STATnews article:
Many states are far short of Covid-19 testing levels needed for safe reopening, new analysis shows
More than half of U.S. states will have to significantly step up their Covid-19 testing to even consider starting to relax stay-at-home orders after May 1, according to a new analysis by Harvard researchers and STAT.

The analysis shows that as the U.S. tries to move beyond its months-long coronavirus testing debacle — faulty tests, shortages of tests, and guidelines that excluded many people who should have been tested to mitigate the outbreak — it is at risk of fumbling the next challenge: testing enough people to determine which cities and states can safely reopen and stay open. Doing so will require the ability to catch reappearances of the coronavirus before it again spreads uncontrollably…
Scientists have long warned that the rate of emergence of new infectious diseases is accelerating—especially in developing countries where high densities of people and animals increasingly mingle and move about...


YASCHA MOUNK, associate professor at Johns Hopkins University

America is still behind on testing for COVID-19. Although Trump promised almost two months ago that anyone who wanted a test could get one, the U.S. has still conducted only about 5.4 million. The country needs to increase its testing rate at least threefold to reopen safely.

America is also behind on test and trace. Some countries, such as South Korea, now have robust systems in place to inform people that they have been exposed to the coronavirus, and need to self-isolate. But implementing such a system requires two things the United States sorely lacks: widespread trust in the government and a coordinated response from the White House.

In the absence of a federal strategy, some states, such as New York and Massachusetts, are trying to develop their own test-and-trace systems. But without help from Washington, they will likely lack both the resources to build a comprehensive system and the ability to persuade a large majority of their residents to sign up for an app that tracks their movements. Even if, against the odds, they should succeed in both these tasks, they face another obvious obstacle: Viruses don’t respect state lines.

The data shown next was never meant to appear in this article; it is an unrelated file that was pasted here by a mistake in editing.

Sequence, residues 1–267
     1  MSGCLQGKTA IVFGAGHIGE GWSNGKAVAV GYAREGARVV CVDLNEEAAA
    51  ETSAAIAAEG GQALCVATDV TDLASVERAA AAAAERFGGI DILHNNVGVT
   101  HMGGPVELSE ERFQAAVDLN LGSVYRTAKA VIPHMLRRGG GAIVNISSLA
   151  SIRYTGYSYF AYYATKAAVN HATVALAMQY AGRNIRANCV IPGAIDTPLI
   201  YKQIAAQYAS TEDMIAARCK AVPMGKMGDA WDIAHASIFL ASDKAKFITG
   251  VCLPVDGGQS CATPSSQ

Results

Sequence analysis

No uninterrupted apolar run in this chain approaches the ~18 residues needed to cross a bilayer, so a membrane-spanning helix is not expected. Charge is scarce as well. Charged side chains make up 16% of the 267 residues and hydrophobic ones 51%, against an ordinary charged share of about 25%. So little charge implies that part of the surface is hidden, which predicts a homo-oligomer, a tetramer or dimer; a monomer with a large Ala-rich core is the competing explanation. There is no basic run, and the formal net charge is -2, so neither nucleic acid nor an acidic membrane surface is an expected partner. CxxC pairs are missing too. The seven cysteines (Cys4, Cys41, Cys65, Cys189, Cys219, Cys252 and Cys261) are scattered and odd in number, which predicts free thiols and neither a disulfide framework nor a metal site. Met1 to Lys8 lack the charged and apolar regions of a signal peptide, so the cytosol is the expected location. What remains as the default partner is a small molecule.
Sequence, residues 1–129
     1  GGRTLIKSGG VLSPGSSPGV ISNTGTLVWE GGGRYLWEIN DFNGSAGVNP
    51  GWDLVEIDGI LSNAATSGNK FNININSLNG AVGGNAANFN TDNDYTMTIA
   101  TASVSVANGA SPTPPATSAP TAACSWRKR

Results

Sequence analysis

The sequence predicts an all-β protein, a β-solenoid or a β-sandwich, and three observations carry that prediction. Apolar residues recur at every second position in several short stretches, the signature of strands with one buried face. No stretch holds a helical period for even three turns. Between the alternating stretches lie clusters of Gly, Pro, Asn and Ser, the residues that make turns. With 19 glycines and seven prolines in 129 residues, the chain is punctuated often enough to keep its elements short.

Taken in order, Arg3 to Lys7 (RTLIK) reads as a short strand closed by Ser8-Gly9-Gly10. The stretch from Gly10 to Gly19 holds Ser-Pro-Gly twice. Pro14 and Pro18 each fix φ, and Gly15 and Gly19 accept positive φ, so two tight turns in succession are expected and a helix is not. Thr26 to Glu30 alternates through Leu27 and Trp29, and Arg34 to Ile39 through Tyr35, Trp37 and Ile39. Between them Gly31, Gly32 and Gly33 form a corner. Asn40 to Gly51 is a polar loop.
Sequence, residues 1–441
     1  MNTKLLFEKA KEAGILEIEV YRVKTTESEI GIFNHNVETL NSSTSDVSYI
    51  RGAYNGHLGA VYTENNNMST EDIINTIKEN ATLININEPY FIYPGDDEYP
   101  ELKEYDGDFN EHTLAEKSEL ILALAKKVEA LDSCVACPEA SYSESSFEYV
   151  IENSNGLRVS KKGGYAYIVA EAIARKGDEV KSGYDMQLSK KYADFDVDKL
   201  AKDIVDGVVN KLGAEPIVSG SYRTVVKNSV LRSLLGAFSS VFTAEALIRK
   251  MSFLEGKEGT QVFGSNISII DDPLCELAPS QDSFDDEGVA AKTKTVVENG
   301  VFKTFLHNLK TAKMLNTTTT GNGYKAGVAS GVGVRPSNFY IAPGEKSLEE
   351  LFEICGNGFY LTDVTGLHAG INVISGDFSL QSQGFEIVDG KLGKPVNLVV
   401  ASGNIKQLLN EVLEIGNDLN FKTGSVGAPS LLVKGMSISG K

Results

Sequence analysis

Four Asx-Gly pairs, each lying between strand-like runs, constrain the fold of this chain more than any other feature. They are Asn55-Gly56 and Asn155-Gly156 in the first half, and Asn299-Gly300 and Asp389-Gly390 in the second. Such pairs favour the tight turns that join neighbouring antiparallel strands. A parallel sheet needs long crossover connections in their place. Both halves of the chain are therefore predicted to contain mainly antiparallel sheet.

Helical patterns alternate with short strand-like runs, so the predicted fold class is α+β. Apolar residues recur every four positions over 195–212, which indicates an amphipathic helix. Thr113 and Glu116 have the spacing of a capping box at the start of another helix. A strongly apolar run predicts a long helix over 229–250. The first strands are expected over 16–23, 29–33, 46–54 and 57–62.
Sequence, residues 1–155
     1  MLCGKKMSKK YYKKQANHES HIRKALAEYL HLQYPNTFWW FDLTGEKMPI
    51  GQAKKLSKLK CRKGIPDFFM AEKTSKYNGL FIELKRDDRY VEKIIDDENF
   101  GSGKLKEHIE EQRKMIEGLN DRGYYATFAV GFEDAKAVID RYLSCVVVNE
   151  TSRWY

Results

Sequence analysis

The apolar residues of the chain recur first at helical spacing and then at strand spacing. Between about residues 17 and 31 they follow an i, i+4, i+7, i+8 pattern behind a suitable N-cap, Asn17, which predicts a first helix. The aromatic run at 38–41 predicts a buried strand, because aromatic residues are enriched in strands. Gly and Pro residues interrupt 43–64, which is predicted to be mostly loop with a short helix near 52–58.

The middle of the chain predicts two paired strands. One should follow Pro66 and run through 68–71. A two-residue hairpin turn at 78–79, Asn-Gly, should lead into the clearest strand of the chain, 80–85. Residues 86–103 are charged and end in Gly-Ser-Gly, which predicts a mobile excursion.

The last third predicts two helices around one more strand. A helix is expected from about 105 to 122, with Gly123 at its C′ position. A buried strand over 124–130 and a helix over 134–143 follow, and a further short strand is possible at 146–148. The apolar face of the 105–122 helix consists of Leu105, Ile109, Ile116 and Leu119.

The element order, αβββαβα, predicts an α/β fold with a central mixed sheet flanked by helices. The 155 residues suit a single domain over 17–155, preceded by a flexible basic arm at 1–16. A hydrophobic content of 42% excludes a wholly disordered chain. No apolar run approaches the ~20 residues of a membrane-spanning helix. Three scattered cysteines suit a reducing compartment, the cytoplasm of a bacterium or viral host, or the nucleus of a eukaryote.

If he were truly interested in limiting the damage to America’s economy, and opening up the country, Trump would be laser-focused on remedying these problems. Instead, the president has doubled down on culture wars and quack cures.

Early last week, Trump fanned the flames of the irresponsible protests against stay-at-home orders that are now being staged in cities across the country. A few days later, he vowed to “suspend immigration” to the United States. Then he suggested that scientists look into the possibility of injecting patients with bleach.

For all his blustering demands to get the country back to normal, the president is failing to take the steps that are required to reopen the economy without a horrific death toll. And for all the ingenuity shown by individual governors, the absence of a coordinated federal strategy may prove impossible to overcome…
Yeah. Interesting Atlantic article.


Two years ago today, my younger daughter Danielle succumbed to her severe pancreatic cancer, 20 years after we lost her elder sister Sissy to an unrelated cancer.


More to come...